30 Years in Optical Thin Film Coatings Development – Interview
Published: December 30, 2021
Interview with Mr Zdzisław Choromański, Head of Optical Thin Films Department as Solaris Optics
Mr Zdzisław Choromański is one of the first employees of Solaris Optics, in 2021 celebrating the anniversary of 30 years of employment in the company. Since the beginning Mr Choromanski has been responsible for optical thin film deposition processes, the department developments and investments. In the interview Mr Choromański shares his perspecitves about the history and future of optical thin film development, as well as about the advancement of his department in Solaris Optics.
Mr. Choromanski, you joined Solaris Optics 30 years ago, shortly after the company was founded. Please accept congratulations on the 30th anniversary of work.
Thank you very much.
Could you go back and tell readers what life was like at that time?
A bit like today, but many techniques were missing, mainly communication and digital, which we now take for granted. But it was a period of rapid development of those technologies, so our task was to learn and put into use everything that was useful.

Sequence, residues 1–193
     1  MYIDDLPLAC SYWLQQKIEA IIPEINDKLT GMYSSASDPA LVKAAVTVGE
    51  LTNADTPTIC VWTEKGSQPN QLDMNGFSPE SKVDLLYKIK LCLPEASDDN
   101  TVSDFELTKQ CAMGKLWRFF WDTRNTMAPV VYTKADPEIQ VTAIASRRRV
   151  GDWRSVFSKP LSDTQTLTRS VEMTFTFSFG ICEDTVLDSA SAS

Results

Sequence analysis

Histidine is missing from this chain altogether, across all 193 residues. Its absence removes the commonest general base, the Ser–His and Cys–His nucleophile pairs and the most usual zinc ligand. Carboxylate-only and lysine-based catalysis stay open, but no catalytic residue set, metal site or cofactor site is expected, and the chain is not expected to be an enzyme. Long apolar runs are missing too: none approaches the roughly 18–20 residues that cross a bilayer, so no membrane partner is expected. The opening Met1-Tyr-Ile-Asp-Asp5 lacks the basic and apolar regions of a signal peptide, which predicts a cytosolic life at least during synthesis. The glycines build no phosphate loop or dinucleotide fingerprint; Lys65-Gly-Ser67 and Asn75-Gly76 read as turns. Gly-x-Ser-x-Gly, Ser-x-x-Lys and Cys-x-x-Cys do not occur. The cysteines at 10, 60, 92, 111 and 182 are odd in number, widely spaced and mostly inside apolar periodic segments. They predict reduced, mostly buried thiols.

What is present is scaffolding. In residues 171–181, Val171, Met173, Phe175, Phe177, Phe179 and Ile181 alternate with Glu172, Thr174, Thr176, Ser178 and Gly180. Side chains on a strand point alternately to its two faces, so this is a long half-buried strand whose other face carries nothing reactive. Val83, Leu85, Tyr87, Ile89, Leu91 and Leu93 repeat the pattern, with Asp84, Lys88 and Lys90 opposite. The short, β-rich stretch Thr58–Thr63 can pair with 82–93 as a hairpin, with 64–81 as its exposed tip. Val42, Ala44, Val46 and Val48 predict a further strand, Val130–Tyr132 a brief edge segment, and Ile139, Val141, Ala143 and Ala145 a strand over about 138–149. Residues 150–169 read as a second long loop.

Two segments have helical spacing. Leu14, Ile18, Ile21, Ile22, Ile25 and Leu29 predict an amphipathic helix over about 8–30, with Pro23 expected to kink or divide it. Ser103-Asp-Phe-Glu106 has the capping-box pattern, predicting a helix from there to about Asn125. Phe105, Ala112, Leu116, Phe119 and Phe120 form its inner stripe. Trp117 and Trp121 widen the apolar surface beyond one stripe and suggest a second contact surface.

What was the company like when you joined?
About 20 employees, one vacuum sputtering machine, tight spaces. But every day we learned something new and improved our work. With time, a new headquarters was established, we introduced new coating equipment, and the number of employees has been constantly growing.
Who was the first significant customer of the company?
It is difficult to say who was the first important customer of the company – at the beginning we had many small customers, which meant that the variety of work, both then and now, is very large. Later, in the 2000s, a large manufacturer of laser devices became our key customer.
Today you are the head of the thin film technology department and a recognized expert in this field in Poland. What position did you come to for Solaris, what did you do before?